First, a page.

As China positions itself as the number three global provider in wind energy, the European Union, including the UK, and Turkey are making plans to ramp up their renewable energy efforts in 2010.
China has become the third largest global wind energy provider in 2009, reaching 20 gigawatts (GW) of capacity, according to the official New China press agency, reports Instal Biz.
China overtook over Spain for third position, following behind the U.S. and Germany. China plans to increase its percentage of renewable energy from 9 percent in 2009 up to 15 percent in 2020, reports Instal Biz.
If China continues to make renewable energy investments, wind energy may be able to supply up to 50 percent of its electricity needs by 2030, according to a study by the Global World Energy Council.
China recently came under fire for hindering the adoption of an official document mandating greenhouse emission reductions at the UN climate change summit in Copenhagen, reports Instal Biz.
The UK is expected to launch a £100 billion ($161 billion) green power program when Prime Minister Gordon Brown awards development contracts to build offshore wind farms, targeting about one third of UK’s energy coming from wind power by 2020, as it makes plans to cut emissions, reports Times Online.
Industry experts don’t expect construction to start on the new sites until at least 2015, citing that each of the sites are bigger than any of those in operation today, reports Times Online. The biggest wind farm is slated to produce 10 GW of power, more than 10 times the capacity of total global offshore wind power in operation today, according to the article.
However, analysts are questioning the wisdom of relying on untested power sources — currently there is less than 1 GW of installed offshore wind power — in one of the harshest operating environments, reports Times Online.
The UK also recently proposed new planning rules that will allow home owners, offices, schools, stadiums and railway stations to install solar panels without planning permissions, as well as ease planning rules for other renewable sources.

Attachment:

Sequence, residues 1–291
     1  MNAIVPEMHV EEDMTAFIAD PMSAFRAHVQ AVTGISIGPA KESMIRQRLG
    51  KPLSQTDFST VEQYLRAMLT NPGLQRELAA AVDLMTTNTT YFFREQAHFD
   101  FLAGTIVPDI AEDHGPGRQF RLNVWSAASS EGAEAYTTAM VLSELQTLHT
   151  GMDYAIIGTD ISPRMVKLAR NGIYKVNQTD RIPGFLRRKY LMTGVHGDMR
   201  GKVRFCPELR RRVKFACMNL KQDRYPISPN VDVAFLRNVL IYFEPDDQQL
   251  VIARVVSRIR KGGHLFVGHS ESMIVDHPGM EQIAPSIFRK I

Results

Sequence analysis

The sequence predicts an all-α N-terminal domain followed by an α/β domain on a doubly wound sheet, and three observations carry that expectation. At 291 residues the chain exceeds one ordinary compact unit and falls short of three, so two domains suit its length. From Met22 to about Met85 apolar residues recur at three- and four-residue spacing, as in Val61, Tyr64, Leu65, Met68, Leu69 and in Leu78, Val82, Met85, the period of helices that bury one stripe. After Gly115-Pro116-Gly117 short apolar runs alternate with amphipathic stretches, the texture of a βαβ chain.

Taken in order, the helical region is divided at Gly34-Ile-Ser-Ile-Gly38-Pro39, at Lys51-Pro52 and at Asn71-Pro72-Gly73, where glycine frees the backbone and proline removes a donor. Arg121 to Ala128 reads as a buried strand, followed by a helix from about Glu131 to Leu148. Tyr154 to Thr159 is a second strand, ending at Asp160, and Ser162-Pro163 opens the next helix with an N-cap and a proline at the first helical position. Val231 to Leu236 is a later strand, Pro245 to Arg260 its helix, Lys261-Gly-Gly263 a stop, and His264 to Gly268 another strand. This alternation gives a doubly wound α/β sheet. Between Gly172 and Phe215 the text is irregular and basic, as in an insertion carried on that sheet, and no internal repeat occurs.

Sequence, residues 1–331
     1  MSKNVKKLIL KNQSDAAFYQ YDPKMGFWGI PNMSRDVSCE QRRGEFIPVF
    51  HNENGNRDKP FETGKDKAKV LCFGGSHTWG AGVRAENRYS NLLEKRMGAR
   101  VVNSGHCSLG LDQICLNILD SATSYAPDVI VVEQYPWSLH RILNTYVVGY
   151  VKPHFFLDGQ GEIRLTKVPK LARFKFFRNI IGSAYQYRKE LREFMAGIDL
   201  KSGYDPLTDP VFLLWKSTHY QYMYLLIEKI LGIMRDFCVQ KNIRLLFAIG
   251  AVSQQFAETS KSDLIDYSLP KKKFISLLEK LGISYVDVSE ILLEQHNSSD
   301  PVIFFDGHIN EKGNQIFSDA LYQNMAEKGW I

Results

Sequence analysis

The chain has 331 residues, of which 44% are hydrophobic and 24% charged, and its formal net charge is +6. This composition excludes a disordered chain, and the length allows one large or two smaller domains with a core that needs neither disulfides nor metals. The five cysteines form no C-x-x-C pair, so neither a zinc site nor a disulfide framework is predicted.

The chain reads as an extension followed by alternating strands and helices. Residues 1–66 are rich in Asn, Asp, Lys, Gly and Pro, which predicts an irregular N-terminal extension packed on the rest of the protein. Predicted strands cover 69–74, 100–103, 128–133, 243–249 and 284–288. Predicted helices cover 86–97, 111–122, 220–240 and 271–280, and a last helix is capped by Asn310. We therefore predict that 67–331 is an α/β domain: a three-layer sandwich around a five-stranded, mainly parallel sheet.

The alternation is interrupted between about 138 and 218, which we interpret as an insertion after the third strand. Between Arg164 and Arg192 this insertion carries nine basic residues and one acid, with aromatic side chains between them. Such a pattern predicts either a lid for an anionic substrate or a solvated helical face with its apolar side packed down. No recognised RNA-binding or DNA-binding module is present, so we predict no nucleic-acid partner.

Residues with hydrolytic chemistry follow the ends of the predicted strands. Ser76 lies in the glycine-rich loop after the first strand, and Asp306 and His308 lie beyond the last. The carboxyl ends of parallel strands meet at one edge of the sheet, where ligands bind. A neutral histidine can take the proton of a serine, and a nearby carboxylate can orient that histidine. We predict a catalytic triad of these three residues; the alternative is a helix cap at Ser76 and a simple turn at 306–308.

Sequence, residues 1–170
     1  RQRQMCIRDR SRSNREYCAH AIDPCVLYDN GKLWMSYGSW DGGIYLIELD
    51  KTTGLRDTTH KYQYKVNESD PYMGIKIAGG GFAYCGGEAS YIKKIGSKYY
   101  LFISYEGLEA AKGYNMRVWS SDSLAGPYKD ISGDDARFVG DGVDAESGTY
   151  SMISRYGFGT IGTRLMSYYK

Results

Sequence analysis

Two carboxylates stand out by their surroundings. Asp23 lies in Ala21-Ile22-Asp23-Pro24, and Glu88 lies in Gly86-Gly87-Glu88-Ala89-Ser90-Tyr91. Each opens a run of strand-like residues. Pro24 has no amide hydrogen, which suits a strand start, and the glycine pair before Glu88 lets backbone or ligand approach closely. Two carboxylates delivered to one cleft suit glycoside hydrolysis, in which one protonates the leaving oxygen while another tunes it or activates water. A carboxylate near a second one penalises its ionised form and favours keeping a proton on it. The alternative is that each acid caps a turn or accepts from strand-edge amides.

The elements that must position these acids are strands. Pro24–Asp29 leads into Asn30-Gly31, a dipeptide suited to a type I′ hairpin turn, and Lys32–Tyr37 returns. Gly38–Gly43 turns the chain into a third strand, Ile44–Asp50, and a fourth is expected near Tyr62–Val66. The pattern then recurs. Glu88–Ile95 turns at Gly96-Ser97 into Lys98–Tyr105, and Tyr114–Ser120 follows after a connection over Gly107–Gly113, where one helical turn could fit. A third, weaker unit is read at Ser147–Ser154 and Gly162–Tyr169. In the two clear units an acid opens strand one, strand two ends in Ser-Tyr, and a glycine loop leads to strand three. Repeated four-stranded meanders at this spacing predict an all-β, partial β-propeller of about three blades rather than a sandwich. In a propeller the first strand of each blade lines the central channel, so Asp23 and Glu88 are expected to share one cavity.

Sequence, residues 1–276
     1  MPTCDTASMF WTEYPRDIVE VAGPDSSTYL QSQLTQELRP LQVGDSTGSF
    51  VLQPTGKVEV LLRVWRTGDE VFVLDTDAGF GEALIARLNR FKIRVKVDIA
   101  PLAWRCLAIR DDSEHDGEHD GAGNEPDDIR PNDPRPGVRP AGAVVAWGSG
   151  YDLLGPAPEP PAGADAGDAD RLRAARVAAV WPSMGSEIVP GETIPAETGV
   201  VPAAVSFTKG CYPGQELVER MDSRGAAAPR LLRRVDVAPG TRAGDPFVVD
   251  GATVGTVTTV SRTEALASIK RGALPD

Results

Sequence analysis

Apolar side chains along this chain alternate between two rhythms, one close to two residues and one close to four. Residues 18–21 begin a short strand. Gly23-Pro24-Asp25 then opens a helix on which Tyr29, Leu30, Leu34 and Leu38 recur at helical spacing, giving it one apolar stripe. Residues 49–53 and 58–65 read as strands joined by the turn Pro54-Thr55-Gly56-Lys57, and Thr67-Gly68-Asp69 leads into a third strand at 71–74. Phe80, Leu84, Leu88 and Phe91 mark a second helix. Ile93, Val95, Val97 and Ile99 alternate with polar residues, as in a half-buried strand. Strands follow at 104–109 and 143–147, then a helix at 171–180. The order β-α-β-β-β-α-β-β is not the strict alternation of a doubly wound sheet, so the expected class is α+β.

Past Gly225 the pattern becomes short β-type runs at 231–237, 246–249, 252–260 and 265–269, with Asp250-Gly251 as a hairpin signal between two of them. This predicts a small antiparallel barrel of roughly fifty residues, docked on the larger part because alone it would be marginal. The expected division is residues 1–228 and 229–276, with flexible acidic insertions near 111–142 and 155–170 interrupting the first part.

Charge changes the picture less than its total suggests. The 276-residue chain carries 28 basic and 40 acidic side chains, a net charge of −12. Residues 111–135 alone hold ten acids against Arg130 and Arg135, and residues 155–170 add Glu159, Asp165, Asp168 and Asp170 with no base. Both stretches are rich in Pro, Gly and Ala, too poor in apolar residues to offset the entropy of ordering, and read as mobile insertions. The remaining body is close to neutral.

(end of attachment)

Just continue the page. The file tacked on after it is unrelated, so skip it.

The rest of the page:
Despite the challenges, 2008 was the first year that investment in wind outstripped investment in all other types of energy infrastructure in Europe, according to the European Wind Energy Association, reports Times Online.
While the UK beefs up its offshore wind power installations, the EU is making plans for its first electricity grid dedicated to renewable power. The Guardian reports that nine countries are drawing up plans to link their renewable energy projects, including wind and solar farms and hydro-electric dams, around the North Sea.
The supergrid network, comprised of up to thousands of kilometers of undersea cables that could cost up to €30 billion ($43 billion), would solve the unreliability issue often associated with renewable power due to unpredictable weather, reports The Guardian.
The nine countries participating in the supergrid — Germany, France, Belgium, the Netherlands, Luxembourg, Denmark, Sweden, Ireland and the UK — hope to have a plan in place by autumn to build a high-voltage direct current network within the next decade, reports The Guardian.
A North Sea grid could link into grids proposed by a larger German-led plan for renewables called the Desertec Industrial Initiative (DII) with a goal to provide 15 percent of Europe’s electricity by 2050 or earlier via power lines across desert and the Mediterranean, reports The Guardian.
The $400-billion DII plan calls for the use of concentrated solar power (CSP) in southern Europe and northern Africa, according to the article.
Turkey is also increasing its efforts in renewable energy, in part due to an energy efficiency law passed by the Turkish government in 2007 and financial assistance received in 2009 from the World Bank, which is investing $600 million in renewable sources including biomass, hydro, wind and geothermal, reports the Green Prophet.